“Though you may be inclined to give them space during their grieving process, it’s important not to isolate them during a highly vulnerable time in their life,” said Pridgen.

While grief may come in different forms this holiday season, the following are ways to cope.

1. Plan ahead

Wortman recommends being proactive about the holidays. If you plan to see people, she suggests thinking about different scenarios that could happen, so you don’t get stuck in an uncomfortable situation.

“For example, if you are going to a small gathering, think ahead about telling the host you might not be able to stay the whole time rather than announcing you have to leave in the middle of the party. This way you can get through it without feeling worse,” she said.

Planning ahead also puts you in control.

“Everything is so out of control when you lose someone, and right now the world feels out of control. This can be a little speck of light that makes you feel like you can figure out what you want to do and [actually] do it,” Wortman said.

2. Memorialize before or after

Rather than honoring your loved one during holiday celebrations, plan a special way of honoring them before or after.

For example, Wortman suggests having everyone write a statement about what they loved about the person and reading it aloud virtually or outside at a meaningful place. Taking toys to a local hospital in honor of a child who’s passed is another idea.

“Each family will come up with something that feels special to them. The point is that honoring them before or after the holidays helps [alleviate] feeling bad about not doing so on the holiday, as well as helps from trying to feel happy on the holiday as you’re honoring the loss of someone. This pushes that all out of the equation,” Wortman said.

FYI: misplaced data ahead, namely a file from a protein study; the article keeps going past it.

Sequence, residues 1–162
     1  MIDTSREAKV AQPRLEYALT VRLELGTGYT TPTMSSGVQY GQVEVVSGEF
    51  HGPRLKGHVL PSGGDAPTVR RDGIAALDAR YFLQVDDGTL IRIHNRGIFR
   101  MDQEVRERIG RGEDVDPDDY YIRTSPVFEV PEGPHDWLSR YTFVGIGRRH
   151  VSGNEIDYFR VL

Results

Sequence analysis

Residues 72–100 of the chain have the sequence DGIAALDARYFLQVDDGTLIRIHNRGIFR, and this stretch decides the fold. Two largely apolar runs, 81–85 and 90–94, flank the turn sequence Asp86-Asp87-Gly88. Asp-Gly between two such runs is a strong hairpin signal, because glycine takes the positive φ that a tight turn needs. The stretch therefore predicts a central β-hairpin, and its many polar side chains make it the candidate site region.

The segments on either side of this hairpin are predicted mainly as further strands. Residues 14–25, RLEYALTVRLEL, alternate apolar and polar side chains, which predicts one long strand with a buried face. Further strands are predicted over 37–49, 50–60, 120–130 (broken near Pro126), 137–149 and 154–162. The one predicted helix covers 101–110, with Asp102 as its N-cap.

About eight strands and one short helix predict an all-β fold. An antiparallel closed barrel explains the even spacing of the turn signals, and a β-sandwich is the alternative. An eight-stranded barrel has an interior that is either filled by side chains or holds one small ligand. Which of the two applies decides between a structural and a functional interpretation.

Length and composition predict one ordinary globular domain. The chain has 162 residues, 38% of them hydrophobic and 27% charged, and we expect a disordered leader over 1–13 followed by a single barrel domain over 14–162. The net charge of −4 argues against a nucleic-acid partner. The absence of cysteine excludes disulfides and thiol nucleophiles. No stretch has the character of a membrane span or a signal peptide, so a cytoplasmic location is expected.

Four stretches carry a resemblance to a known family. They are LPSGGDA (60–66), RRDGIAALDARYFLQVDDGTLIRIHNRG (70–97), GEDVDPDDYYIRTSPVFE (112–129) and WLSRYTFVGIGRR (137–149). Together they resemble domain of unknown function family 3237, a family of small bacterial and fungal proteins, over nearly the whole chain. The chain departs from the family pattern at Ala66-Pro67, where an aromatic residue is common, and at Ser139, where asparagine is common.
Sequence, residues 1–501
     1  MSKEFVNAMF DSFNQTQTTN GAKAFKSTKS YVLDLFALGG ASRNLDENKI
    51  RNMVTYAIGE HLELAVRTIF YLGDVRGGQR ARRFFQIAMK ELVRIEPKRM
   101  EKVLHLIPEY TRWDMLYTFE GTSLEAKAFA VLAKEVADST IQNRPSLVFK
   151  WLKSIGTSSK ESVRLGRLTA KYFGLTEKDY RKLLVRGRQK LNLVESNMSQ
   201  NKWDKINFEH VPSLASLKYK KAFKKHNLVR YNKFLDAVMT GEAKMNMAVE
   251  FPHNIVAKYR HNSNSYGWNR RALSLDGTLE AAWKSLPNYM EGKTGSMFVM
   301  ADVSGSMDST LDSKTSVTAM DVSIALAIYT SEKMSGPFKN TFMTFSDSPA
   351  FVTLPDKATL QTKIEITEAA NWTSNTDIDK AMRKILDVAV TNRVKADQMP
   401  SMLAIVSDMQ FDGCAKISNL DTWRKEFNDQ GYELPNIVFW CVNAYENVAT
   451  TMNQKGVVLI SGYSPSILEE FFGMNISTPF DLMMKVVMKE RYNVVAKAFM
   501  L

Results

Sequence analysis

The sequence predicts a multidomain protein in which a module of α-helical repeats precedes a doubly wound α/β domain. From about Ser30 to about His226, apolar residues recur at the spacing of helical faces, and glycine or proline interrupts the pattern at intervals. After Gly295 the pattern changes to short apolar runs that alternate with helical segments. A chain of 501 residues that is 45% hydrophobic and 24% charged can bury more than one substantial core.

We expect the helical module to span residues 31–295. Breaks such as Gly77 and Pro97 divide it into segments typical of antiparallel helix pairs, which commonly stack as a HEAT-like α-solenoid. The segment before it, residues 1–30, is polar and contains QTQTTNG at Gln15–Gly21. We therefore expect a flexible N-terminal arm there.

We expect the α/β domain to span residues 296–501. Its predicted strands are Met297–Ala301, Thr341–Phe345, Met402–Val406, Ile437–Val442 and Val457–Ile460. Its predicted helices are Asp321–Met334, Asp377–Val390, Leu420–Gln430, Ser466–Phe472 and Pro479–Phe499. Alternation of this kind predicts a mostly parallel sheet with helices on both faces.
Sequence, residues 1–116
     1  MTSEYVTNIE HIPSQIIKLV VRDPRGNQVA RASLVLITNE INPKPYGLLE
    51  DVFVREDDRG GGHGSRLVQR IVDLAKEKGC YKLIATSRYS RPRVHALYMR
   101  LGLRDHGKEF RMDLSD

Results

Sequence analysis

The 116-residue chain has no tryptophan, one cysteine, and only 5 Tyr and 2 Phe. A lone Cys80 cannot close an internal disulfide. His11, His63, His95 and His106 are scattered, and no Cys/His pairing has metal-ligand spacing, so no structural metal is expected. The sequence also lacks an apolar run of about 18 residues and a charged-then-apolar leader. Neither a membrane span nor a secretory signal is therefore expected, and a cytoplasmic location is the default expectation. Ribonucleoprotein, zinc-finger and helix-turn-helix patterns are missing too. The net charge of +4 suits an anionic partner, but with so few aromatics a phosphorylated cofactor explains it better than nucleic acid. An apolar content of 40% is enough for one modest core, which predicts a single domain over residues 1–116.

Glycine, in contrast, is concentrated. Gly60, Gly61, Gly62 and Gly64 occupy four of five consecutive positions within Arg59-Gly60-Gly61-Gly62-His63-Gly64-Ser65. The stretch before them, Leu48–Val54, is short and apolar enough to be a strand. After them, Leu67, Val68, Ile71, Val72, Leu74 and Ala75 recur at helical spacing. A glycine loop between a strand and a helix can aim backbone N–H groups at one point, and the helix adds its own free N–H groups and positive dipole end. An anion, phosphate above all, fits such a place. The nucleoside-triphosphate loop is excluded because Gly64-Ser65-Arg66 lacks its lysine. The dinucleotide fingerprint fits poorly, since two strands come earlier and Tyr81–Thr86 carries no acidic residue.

3. Create new traditions

While some people find comfort in keeping their usual traditions, others may find it too difficult to.

“If holding to longstanding traditions proves too painful, consider developing new family traditions,” suggested Pridgen. “There’s no right or wrong way to spend the holidays — it’s what works best for you and your family. It is OK to take a year off from your usual traditions and decide next year if you will resume them.”

This also applies if the grief you are feeling is because you can’t be with your family or friends for the holiday due to the pandemic or other reasons.

“It is a reaction to just let the day pass; but instead, try to celebrate on your own. Connect with your family and friends through the phone or Facetime. Make sure you include a family tradition in your own home that will bring the holidays alive,” said Sell.

4. Scale back

Because grief can rob you of emotional and physical energy, Wortman recommends cutting back on holiday tasks such as baking, sending cards, decorating or putting up a tree, if they feel like chores.

“Cutting back helps us focus on what’s most important, like sharing connections with people and telling them what they mean to us. Sometimes those other activities are not as rewarding and can pull you away and make you feel scattered,” she explained.

5. Feel your feelings

Because grief is a process without a timeline and without linear events, Sell says allow yourself to feel your emotions as they come.

“Flow with the emotions that arise,” she said.

Wortman agrees and suggests accepting that feelings of anguish are difficult to avoid during the holiday season.

“Do not expect too much of yourself, and recognize that you are doing the best you can,” she added.

6. Fuel your body and brain

Identifying how loss is impacting your body is helpful for overcoming grief, says Sell.

“Our body sends us signals all the time. Recognize those signals as a stress response, and take a minute or more to engage in stress-reducing activities,” she said.

Exercising, sleeping, meditating, or talking to a friend can be helpful.

“Setting small daily health goals can give you a sense of accomplishment without feeling too burdensome. Tell others about your self-care plan so they can help support you,” said Pridgen.

Stabilizing your blood sugar throughout the day by eating protein every 2 to 3 hours is another way to manage stress, notes Sell.

“This will reduce some of the overall stress load on your body. It will also keep you in your thinking brain and out of your emotional brain more often. Additionally, protein is the basic fuel for all of your feel-good chemicals, like serotonin and dopamine,” she explained.

7. Seek professional help

If the grief you experience is overwhelming and unremitting, reach out to a mental health professional who specializes in grief and loss.

Sell says support groups and social media groups have also been helpful to her clients during the pandemic.

“Seek professional help if you can’t seem to move through the grief or if the grief causes excessive symptoms that don’t enable you to live the life you want,” said Sell.